Quoting Walter Shands (Intel)

We are now releasing the C source code for the most frequently requested Intel IPP Speech Recognition function, ippsResamplePolyphase, in the hope that it will enable you to continue to provide outstanding application performance without losing key speech recognition functionality. This release falls under the Intel IPP EULA (see EULA here http://software.intel.com/en-us/articles/intel-integrated-performance-pr...).

The link to the ippsResamplePolyphase source code download is here

http://registrationcenter.intel.com/irc_nas/2223/ipp-resample-07-21-2011...

The provided download link doesn't seem to to valid. How do I obtain the C code listed above?

Walter,

How can I get the files listed in the link? I'm unable to download the file 'ipp-resample-07-21-2011.zip' using the provided link.

Thanks,
Ryan

I finally got around to doinga comparison of the origianl v6 IPP resampler vs the C replacement code released by Intel. I tested only the 32f version as that is all we use. YMMV on the 16-bit stuff.

I switched between the v6 IPP functions, and C code compiledwith VS2010 using standard "Release" optimizations.I had it (separately) upsample and downsample a large data record andmeasured elapsed time.

On a 32-bit WinXP system (Xeon), the C-version was 2-3 times FASTER than the IPP version. Yes, FASTER! It appears the IPP version may have been built without optimizations, but that is just a guess.

On x64/Win7 systems (Celeron and I7), the C and IPP versions were approx the same speed. At least the C version was not significantly slower.

Comparison of output data showed IPP and C produced identical results. So it appears the C code is the actual implementation used byIPP.

HTH others who are trying to decide whether to use it.

Quoting p27838Walter,

How can I get the files listed in the link? I'm unable to download the file 'ipp-resample-07-21-2011.zip' using the provided link.

Thanks,
Ryan

Hi,

Please download 'ipp-resample-07-21-2011.zip from this link, its working now.

http://registrationcenter.intel.com/irc_nas/2223/ipp-resample-07-21-2011.zip

Thanks,

Naveen Gv

Hi Naveen (or anyone else from Intel),

I've downloaded the above zip file but it seems to be corrupt when you try and extract the files (I got someone to confirm it didn't work for them either)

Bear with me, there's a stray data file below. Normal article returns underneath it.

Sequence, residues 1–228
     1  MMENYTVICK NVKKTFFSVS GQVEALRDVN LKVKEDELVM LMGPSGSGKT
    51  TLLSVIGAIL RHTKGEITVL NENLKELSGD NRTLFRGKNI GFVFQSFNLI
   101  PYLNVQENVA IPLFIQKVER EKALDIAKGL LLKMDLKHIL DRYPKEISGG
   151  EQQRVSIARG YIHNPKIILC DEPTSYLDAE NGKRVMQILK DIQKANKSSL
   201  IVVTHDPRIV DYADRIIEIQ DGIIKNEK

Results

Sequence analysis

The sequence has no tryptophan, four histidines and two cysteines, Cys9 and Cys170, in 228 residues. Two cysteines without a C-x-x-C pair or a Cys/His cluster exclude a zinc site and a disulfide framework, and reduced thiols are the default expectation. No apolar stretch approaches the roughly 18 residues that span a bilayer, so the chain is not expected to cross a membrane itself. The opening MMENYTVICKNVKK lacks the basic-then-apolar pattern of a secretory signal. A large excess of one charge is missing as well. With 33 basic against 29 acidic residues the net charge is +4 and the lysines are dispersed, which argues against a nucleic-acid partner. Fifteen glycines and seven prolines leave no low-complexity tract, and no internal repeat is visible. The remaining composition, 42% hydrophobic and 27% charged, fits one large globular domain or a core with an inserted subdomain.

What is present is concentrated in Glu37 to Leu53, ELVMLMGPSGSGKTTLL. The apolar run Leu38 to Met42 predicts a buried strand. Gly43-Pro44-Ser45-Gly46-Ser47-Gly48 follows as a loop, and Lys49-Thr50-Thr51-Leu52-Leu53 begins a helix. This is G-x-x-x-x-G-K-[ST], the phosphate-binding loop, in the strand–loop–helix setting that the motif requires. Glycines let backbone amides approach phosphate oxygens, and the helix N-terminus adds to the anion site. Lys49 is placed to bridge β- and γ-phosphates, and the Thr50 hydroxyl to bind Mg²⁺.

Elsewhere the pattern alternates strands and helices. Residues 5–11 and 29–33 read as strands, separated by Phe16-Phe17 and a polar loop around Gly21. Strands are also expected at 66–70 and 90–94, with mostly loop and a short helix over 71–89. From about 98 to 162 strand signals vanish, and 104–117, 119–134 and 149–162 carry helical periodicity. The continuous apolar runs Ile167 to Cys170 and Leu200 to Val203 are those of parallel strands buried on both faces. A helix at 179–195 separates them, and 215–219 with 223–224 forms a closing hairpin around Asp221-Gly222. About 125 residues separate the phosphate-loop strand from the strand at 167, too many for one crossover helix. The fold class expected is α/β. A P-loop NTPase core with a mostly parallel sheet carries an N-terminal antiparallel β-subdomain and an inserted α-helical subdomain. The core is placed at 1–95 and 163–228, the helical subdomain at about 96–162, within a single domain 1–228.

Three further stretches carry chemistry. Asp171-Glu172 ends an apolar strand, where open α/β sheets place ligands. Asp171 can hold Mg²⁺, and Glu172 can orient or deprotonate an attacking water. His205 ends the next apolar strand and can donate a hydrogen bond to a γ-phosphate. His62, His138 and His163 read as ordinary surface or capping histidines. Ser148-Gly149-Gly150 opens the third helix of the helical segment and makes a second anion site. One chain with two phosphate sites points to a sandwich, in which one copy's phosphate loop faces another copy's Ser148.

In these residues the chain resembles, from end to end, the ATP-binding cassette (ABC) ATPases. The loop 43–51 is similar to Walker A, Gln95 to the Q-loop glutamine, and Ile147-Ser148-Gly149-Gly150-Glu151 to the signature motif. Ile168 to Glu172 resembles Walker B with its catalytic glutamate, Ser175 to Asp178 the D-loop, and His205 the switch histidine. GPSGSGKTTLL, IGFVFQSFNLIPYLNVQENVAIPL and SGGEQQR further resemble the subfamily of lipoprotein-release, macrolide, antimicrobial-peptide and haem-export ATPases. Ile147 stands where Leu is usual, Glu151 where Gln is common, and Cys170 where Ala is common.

Could you please check this link and update it with a working copy?

Thanks a lot!

Jason

Hi Everyone !

Can not extract files too, they seem to be decrypted.

Will be glad to get password or any assistance.

Thank a lot !
Svetlana

Svetlana,

The password is resample (without the quotes)

Regards,
Igor

Quoting thomtekWalter,

Can you, or someone at Intel PLEASE post a definite Yes or No whether the ResamplePolyphase functions will be added back into IPP in the future? This has really dragged out a long time.

If the answer is No, then I would really hope to seea Knowledge Base article written to help those of us who want to try linking the v6.1 SR lib with v7.0 IPP. I've seen this mentioned, but don't know how to go about doing it or what the implications are AFA handling new CPUs, etc.

Thanks,
Tom

Thanks for your patience, after reviewing our customer feedback, we have reached the following approach:

1. The ippsResamplePolyphase will be likely considered by product planning for future releases. There is no timeline to confirm at this time, we will keep you updated once it becomes available. You can also use this DPD200267116 for your reference. For now please use this KB for alternative solution in IPP 7.0.

2. The other speech recognition functions are under review for the future release. Those who need these APIs from speech recognition should continue to use 6.1. We would like to learn your feedback on this.

Again, thanks for using Intel IPP.

Sincerely,
Intel IPP Team

Hi Chao,

That sounds like a very good approach! Please consider carrying out 1) and adding it back to the product as soon as possible. It seems that the released souce code could be used immediately and with the proper compilation options, it would even perform comparably. We have no demand that the resurrection of these resampling functions are hand-tuned.

Re 2) I have no comments as we do not use any of the functions in that domain. My only plea would be that the considerations around these functions do not influence the time frame of carrying out 1) for restoring the resample functions.

Thank you very much for listening to your customers.

Best regards,

- Jay

Chao,
I have been following this issue for a year after submitting a ticket to you
guys when 7.0 was released. As before, I am dismayed that you guys
removed these functions in the first place. Not having them forced us to
stick with 6.1.

I definitely hope that your planners put Polyphase resampling back in IPP
ASAP. We depend on IPP. It is a great product and I hope that it continues to be.

(I noticed that Intel holds a patent related to Polyphase resampling... can you
guys come clean and admit that IP is the real issue on why Polyphase resampling is not in the library?)

Best,
Dal

In two posts #2and #6at the beginning of the thread developers expressed concerns regarding removing
some IPP domains, renaming and changing arguments of IPP functions.

I have the same concerns and Isupport that point of view for 100%.

Regarding a maintenance of a set of~12,000 functions in IPP.

Unfortunately,IPP is not atemplate-based from the beginning, or after versions 4 or 5. Even if there is a
template based extensionI consider a C-style approach in implementing IPP functionsas a significant design
flaw of the library. You didn't use OOP ( Objects Oriented Programming ) approach.

Note: Refactoring of an IPP functionis a good thing if it is done inside of IPP and doesn't affect developers
and customers. All cases whenyou change a name or arguments list of a functionshould be avoided.

Best regards,
Sergey